Cornyn, the Senate majority whip, told CNN Wednesday that he would not endorse either Cruz or his possible primary challenger, Rep. Michael McCaul, if the two squared off in 2018. It's unusual for senators not to endorse colleagues from the same party -- let alone from the same state.
But Cornyn's decision to stay out of a primary challenge shows how frosty Cruz's relations have become with his GOP colleagues after three years of bitter infighting and name-calling from the campaign trail. Cruz himself declined to endorse Cornyn during the senior senator's 2014 primary campaign.
"I'm not going to get involved in any primary races particularly with my colleagues in the Senate," Cornyn told CNN when asked about Cruz and McCaul squaring off. "We'll see what happens, but we've got plenty to worry about between now and November 2016 before we start worrying about November 2018."
Reminded that senators typically back incumbents from their own party, Cornyn demurred.
"I see no benefit to anyone to get involved in the contested Republican primary so I would sit on the sidelines and watch with interest," Cornyn said, adding that he is "not recruiting anybody" to get into the race.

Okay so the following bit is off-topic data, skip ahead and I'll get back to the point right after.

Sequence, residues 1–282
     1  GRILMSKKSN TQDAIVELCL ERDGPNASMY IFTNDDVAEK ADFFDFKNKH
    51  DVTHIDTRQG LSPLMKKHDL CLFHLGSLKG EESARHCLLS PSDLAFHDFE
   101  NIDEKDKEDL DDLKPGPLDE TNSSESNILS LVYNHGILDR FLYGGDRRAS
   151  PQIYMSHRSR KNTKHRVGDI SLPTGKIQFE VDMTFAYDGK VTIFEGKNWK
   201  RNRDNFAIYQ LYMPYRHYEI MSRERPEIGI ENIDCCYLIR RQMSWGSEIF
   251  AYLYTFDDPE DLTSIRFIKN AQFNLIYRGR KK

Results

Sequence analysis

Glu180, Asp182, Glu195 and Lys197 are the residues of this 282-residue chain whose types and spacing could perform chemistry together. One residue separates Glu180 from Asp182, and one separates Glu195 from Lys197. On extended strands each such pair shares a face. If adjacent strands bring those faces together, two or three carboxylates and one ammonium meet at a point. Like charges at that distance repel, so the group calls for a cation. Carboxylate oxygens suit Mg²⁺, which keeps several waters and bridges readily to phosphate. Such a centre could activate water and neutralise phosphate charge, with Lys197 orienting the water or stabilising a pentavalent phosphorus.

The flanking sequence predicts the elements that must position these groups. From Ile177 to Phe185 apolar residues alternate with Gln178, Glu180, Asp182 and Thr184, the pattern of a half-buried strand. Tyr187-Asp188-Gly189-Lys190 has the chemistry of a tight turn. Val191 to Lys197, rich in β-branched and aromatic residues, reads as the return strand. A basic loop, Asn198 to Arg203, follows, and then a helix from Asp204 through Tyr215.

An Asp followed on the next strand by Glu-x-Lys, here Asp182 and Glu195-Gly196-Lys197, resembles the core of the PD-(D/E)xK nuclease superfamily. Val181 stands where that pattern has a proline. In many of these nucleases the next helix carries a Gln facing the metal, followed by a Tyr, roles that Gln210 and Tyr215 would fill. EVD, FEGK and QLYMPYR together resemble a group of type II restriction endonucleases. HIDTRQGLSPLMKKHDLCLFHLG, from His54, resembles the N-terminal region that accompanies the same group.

Cornyn's comments come as a behind-the-scenes lobbying campaign to recruit McCaul into the race has begun to take shape, intensifying after Cruz's speech at the GOP convention in July when he refused to endorse GOP presidential nominee Donald Trump
-- eliciting backlash in some quarters of the GOP.
Yet defeating Cruz in a primary challenge would be a tall order, given the deep support he has from grassroots conservatives and the national fundraising network he built during his presidential campaign this year.
McCaul, however, is one of the wealthiest members of Congress. And he has positioned himself as a leading GOP voice on national security issues as chairman of the House Homeland Security Committee.
On Wednesday, McCaul declined to say if he would rule out a run against Cruz after November.
"I'm focusing on reelection," McCaul told CNN when asked if he was considering a run against Cruz. "That's my focus right now."
Cruz has largely avoided weighing in on McCaul, but he sent out a fundraising notice last week saying that the establishment is looking to fund a primary challenge against him.
On Wednesday, Cruz declined to comment about McCaul as he was walking into a hearing.
"I'm headed to a Judiciary Committee hearing," he said.